Tajines take their name from both the Moroccan dish and the pot in which the food is cooked – typically a large earthenware pot with a conical lid.
Tajine recipes involve slow simmering, and when done expertly, that very nice.
An award-winning writer, the author, professional home economist and culinary herbalist, provides an excellent chapter on Moroccan herbs and spices, tajine cooking, and know-how.
Many Moroccan recipes are labour-intensive, and require time-consuming preparations, but tajine recipes are relatively easy to prepare and cook.
Edmond Amran el Maleh, philosopher, writer, and thinker says, “Cuisine is the perfumed soul of our culture”, and he is right because Moroccan dishes emanate very appealing aromas and texturally apepal to gourmets.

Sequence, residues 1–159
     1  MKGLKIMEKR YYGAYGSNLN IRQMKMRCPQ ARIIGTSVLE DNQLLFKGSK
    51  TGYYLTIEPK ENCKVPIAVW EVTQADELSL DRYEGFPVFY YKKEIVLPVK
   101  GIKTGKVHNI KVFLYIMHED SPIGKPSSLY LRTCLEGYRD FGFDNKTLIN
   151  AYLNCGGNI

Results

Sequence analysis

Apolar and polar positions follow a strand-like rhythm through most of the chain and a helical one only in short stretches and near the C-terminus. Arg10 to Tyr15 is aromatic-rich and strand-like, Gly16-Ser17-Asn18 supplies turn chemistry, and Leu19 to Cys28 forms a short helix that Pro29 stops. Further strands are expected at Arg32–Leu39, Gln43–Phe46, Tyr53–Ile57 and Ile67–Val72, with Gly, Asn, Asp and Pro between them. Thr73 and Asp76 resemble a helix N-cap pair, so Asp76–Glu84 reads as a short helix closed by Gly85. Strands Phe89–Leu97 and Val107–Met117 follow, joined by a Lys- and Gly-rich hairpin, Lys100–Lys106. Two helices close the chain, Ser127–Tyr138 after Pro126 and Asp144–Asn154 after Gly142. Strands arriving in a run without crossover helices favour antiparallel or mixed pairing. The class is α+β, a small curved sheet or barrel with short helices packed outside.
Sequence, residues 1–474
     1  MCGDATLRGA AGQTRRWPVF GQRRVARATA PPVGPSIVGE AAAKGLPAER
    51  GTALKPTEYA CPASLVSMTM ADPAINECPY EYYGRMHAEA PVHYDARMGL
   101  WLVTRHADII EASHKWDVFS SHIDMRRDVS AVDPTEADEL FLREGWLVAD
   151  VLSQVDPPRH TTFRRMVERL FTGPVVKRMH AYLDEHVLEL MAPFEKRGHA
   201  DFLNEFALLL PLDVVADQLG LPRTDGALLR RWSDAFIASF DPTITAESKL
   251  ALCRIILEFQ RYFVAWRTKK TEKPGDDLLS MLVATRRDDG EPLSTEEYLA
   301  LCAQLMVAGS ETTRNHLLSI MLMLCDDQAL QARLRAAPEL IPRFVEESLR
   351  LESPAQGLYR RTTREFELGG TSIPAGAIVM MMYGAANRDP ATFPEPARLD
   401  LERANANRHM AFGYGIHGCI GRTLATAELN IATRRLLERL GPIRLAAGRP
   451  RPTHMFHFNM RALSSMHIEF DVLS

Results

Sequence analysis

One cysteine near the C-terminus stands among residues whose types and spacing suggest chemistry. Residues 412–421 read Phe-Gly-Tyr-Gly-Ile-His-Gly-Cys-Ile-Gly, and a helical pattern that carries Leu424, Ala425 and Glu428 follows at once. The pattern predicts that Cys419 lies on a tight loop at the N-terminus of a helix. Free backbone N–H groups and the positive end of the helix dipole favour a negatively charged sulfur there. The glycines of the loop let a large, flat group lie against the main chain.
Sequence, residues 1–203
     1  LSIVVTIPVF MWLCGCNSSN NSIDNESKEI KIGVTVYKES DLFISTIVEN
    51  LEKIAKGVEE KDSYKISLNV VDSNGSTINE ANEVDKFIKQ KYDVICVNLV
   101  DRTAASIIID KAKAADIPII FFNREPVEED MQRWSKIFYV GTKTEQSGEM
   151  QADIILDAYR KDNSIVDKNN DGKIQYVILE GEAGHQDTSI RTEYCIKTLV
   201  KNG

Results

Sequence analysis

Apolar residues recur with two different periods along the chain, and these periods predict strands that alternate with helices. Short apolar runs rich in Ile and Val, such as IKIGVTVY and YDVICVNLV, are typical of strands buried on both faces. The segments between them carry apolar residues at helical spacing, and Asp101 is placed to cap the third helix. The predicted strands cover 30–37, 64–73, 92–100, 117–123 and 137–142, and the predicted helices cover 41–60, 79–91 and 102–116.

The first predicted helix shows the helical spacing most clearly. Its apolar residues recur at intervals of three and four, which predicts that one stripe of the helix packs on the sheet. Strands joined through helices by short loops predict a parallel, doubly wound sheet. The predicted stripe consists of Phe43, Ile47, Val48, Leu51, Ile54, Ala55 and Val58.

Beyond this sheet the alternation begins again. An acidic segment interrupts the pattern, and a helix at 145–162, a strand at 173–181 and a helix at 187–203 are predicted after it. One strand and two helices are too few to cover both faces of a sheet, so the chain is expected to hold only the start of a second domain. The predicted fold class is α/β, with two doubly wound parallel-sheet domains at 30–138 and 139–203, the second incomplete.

Most go back to Berbers, indigenous people of the Maghreb in North Africa, Arabs, Persian and Andalusians, who influenced the cuisine of Morocco.
An excellent chapter is devoted to questions and answers regarding tajine cooking and selection criteria.
Recipes provided include poultry, lamb, beef, fish, seafood, vegetables, dips, street food, sauces, side dishes, salads, beverages, and sweets.
Moroccan cuisine lacks dessert recipes and there is actually no need, as the country produces a myriad of seasonal fruits.
Tajine recipes often combine fruits, nuts and meats along with vegetables, making the dish succulent, interesting, yes, mouth watering.
Each recipe comes with valuable tip(s), and information to achieve good results.
I recommend buying a tajine as soon as possible, if you don’t have one. In large cities, or on-line, there are many kitchenware stores that carry several designs.
All recipes are tested and geared towards North American and English tastes.